The operation of the input register 132 for the 5 point computational stage 106 and of the input register 136 for the 3 point stage 110 is identical to the operation of input register 118 for the eight point transform except there is less hardware required because there are only 5 and 3 twelve bit input words required respectively. This reduces the time to obtain a new data set in the serial registers and thus the time that the data is available in parallel to the 5 and 3 point stages.
FIG. 10B illustrates a mechanization of the output register stage 138 for the 3 point stage 110. Every three clock periods a new set of 3 data words has been computed by the 3 point stage 110 and is loaded into the output registers shown in FIG. 10B. The corresponding output bits of these three tri-state registers are tied together and multiplexed at the clock rate to the data memory 112A during the time that the 3 point stage is computing a new set of data outputs. A similar register is provided for the memory 112B.
The operation of output register 130 for the 8 point stage and of output register 134 for the 5 point stage is identical except that there are 8 and 5 data registers required, respectively, and the new data sets are computed every 8 and 5 clock cycles respectively.
There is also a set of registers such as in FIG. 10B for the imaginary words that are computed by the 8, 5 and 3 point stages. These feed into data memory 104B, 108B and 112B respectively. Therefore the data rate out of the output register hardware is at the required 8 MHz rate in both the real and imaginary channels.
3. The Computational Stages For the 120 Point Processor
The computational stages 102, 106 and 110 of FIGS. 7 and 8 are preferably parallel configuration implementations, i.e., computations are done in parallel as in the generalized forms of the processor stages previously described, because a parallel configuration is the most efficient configuration for very high data rate small number transforms. The high efficiency of the parallel configuration arises because only a constant (i.e., fixed value) intrastate multiplier is needed for both the real and the imaginary data. Therefore a PROM can be effectively utilized to perform this constant multiplication.
The data flow for the 3 point, 5 point and 8 point transforms is illustrated in the flow graphs of FIGS. 11A, 11B and 11C respectively. One embodiment of the hardware to implement the 3, 5 and 8 point stages is illustrated in FIGS. 12A, 12B and 12C respectively. It will be seen that in the illustrated embodiments, the 3 point stage requires 18 adders, 4 inverters, 12 2048×4 PROMs, 9 (1×8) registers, and 1-9316 counter; the 5 point stage requires 51 adders, 12 inverters, 30 2048×4 PROMs, 18 (1×8) registers, and 1-9316 counter; the 8 point stage requires 81 adders, 26 inverters, 12 2048×4 PROMs, 24 (1×8) registers, and 1-9316 counter.
(a) Three Point Stage
Decomposition of the 3 point transform according to the present invention yields the following computational steps: ##EQU43##
The flow graph of FIG. 11A illustrates a technique for implementing these six steps. The terms in parentheses in FIG. 11A represent the signals that appear at particular nodes in terms of the computational steps. It will be seen that one implementation of this flow graph requires a memory and multiplexer at the nodes just after the multipliers, because the data must be reversed before going through the output adds.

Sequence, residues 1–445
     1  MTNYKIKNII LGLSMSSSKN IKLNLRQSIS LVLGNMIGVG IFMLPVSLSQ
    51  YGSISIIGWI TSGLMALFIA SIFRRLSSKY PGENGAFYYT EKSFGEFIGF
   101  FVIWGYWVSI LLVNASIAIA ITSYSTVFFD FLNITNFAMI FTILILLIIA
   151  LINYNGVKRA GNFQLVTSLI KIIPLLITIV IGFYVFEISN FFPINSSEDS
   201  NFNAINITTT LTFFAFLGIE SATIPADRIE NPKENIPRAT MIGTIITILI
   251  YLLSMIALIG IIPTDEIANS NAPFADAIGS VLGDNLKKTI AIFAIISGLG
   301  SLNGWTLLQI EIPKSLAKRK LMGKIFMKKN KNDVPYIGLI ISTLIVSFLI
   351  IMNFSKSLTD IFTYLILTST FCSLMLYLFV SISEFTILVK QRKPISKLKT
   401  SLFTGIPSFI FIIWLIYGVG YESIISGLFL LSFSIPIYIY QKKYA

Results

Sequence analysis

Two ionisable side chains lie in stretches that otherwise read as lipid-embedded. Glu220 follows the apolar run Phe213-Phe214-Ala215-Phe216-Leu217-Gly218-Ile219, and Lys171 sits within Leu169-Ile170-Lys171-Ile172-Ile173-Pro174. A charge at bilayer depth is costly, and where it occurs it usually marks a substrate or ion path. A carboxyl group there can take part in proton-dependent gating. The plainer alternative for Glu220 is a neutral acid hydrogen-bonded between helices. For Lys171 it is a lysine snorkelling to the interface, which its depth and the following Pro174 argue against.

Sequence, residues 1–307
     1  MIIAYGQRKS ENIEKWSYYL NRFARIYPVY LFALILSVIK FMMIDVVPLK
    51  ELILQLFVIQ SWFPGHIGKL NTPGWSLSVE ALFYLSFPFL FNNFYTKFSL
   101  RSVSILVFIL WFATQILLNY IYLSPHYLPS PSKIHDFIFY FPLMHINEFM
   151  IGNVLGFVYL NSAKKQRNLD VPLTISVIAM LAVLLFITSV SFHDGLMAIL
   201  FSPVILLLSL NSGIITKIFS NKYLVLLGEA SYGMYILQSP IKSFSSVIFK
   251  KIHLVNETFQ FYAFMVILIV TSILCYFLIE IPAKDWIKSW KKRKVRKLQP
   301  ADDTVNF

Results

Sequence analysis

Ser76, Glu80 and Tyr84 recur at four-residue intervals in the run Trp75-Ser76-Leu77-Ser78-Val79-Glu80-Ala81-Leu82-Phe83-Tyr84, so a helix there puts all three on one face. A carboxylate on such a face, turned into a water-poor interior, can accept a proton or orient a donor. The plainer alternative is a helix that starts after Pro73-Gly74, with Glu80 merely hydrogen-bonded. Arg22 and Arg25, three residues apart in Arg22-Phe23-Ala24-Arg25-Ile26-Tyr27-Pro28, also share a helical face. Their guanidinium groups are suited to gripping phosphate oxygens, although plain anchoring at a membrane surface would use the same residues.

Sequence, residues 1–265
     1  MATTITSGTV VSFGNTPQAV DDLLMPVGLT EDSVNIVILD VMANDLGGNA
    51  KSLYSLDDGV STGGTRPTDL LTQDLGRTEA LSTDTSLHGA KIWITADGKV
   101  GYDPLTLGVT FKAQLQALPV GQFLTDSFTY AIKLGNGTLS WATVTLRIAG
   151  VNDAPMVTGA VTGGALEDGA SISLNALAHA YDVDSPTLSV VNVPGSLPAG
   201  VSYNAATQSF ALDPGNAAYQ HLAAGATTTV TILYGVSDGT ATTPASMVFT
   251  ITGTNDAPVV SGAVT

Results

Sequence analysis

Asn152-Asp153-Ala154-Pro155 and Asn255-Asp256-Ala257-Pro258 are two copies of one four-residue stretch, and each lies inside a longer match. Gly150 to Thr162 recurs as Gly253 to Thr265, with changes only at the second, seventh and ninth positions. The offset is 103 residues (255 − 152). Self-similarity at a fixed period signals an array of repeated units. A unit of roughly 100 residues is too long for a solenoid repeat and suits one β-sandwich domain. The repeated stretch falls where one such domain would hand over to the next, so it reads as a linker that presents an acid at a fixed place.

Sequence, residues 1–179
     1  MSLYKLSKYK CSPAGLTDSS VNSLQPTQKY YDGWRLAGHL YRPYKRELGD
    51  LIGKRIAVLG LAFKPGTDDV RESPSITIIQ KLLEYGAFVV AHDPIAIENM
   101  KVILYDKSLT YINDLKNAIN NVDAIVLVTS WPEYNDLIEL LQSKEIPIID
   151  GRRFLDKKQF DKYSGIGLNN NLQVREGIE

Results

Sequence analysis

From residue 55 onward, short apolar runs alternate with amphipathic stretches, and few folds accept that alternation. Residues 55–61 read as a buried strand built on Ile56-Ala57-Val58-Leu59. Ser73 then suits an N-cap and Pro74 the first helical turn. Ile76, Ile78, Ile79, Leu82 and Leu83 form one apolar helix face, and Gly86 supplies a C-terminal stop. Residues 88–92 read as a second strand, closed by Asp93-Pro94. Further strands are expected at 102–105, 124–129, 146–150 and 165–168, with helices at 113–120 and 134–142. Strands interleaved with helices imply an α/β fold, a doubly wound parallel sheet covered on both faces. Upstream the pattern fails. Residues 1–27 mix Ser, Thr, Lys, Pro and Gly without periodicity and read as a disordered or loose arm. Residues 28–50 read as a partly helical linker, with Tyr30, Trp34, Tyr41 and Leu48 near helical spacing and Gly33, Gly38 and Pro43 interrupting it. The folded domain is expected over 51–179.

With reference to the embodiment of the 3 point stage illustrated in FIGS. 11A and 12A, the data word a0 contains a real component aOR and an imaginary component a0I. Similarly, the data word a1 contains a real component a1R and an imaginary component a1I, and the data word a2 contains a real component a2R and an imaginary component a2I. Each component is represented by a multi-bia data word (12 bits in this embodiment).
Simultaneously, either all the real or all the imaginary data bits (but not both at the same time) of the data words a0, a1 and a2 are supplied from a data source. The data component of data word a0 is applied to an adder 150 and the component of data word a1 is applied to an adder 152 and an adder 154. The component of the data word a2 is applied to the second input terminal of the of the adder 152 and through an inverter 156 to the adder 154.
The output signal from the adder 152 is applied to the second input terminal of the adder 150 and the output signal from the adder 150 is applied to a register pair 158 (one for real and one for imaginary components). The output signal from the adder 152 is also supplied to PROMs 160 and the output signals from the PROMs are provided to a register pair 162 (one for real and one for imaginary components). A constant 1 is supplied to the adder 154 and the output of the adder 154 is then fed to a set of PROMs 164 and then a register pair 166 (one for real and one for imaginary components).
The output signals of the register pair 158 are provided as the A0 output signal and are applied to an adder 168. The output signals from the register pair 162 are supplied to the adder 168 and the output signal from the adder 168 is supplied to an adder 170 and to an adder 172. The output signal from the register pair 166, under the control of a counter 174, is supplied to the adder 170 and through an inverter 176 to the adder 172 (which also receives a constant 1 for addition to the sum). The adder 170 output signal is the A1 output signal and the adder 172 output is the A2 output signal.
With continued reference to FIG. 12A, first the real components a0R, a1R and a2R are processed, then the imaginary components a0I, a1I and a2I are processed. The adders are conventional in operation and sum the applied signals. The PROMs are arranged to multiply the input data by constant multipliers (the sine and cosine functions) and the inverters merely invert the data to change its sign. Therefore the register pair 166, preferably a tri-state register, is controlled by the counter 174 is required to read out first the real and then the imaginary data.